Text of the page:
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November's Interesting Icelander

Árni Magnússon (I41634)

13 November 1663 – 7 January 1730

By Brian Borgford

"And that is the way of the world, that some men put errors into circulation and others afterwards try to eradicate those same errors. And so both sorts of men have something to do". Árni Magnússon

Arni Magnusson Portrait
Arni Magnusson Portrait

A scholar and collector of manuscripts, Árni Magnússon was unique in his time and in history. The Árni Magnússon Institute for Icelandic Studies in Reykjavik bears his name and contains much of his collection of manuscripts.

Árni is equally celebrated in Denmark with a related institute and the remainder of his manuscript collection. A street in Copenhagen bears his name. A discontinued 100 Krona bill contains his portrait. Even Iceland’s Nobel prize winner, Halldór Laxness based a character on Árni in his novel, “Iceland’s Bell”.

Although he was born in Iceland and spent his formative years in the land of his birth, many of Árni’s notable accomplishments occurred while living in Denmark or being directed by Denmark, who controlled the affairs of Iceland at the time.

Árni was born in western Iceland in the district of Dalasýsla on November 13, 1663. His father was a minister and later, the sheriff and prosecutor; however, Árni was raised by his grandparents and uncle. At the age of seventeen, he entered the Cathedral School in Skálholt and three years later, accompanied his father to Denmark on a diplomatic mission. While in Denmark, Árni studied at the University of Copenhagen where he earned a degree and began his academic career.

Skálholt Cathedral
Skálholt Cathedral (Photo Credit - D Hanson)

He was appointed to various positions over his career, including secretary to a Danish statesman, and secretary at the Royal Secret Archives. From 1694 to 1696, Árni was dispatched to Germany to assess a book collection that was offered to the University of Copenhagen.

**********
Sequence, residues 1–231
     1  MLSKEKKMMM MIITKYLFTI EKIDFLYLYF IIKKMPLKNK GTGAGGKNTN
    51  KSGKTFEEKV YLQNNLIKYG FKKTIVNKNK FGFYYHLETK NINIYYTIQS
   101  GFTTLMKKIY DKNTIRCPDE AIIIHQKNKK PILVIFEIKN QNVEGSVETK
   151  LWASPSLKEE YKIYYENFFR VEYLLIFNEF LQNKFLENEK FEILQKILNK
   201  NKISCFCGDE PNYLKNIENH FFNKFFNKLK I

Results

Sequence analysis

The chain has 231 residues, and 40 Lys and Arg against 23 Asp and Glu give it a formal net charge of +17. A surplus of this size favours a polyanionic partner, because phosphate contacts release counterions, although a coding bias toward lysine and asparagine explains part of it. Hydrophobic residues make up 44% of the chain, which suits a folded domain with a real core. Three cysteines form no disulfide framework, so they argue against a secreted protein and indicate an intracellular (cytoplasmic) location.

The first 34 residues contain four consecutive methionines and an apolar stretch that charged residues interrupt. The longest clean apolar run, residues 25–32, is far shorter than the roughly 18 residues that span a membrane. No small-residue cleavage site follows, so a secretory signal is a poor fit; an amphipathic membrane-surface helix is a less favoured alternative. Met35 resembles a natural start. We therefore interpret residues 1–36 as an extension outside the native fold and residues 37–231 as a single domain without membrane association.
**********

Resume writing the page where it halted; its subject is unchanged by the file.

Árni spent ten years, from 1702 to 1712, surveying conditions in Iceland on behalf of the King of Denmark. This project produced the 1703 survey of Iceland’s almost 51,000 residents; a feat not repeated for another hundred and thirteen years.

After his years surveying Iceland, which involved considerable controversy and complaints of judicial interference due to Árni and his partner, Páll Vídalín, inquiring about past court cases, Árni returned to Denmark in 1713 where he spent his remaining years.

Árni resumed his duties as librarian, eventually becoming head of the university library. He was also appointed as professor of Philosophy and Danish Antiquities and professor of History and Geography at the university. During this time, he accumulated his collection of manuscripts, mostly Icelandic, but also those of other Nordic countries, the largest collection of its kind. Upon his death in 1730, Árni bequeathed his collection to the state for the benefit of Icelandic students.

Edda. The new home of the Árni Magnússon Institute for Icelandic Studies
Edda. The new home of the Árni Magnússon Institute for Icelandic Studies

Editor's Note: You may recall our October 1, 2023 Roots News article Edda - From Ashes to Majestic. It addresses the relocation of the Árni Magnússon Institute for Icelandic Studies in Reykjavik that Sunna and Becky visited in August 2023. The link is copied if you would like to read this article as well. Enjoy!


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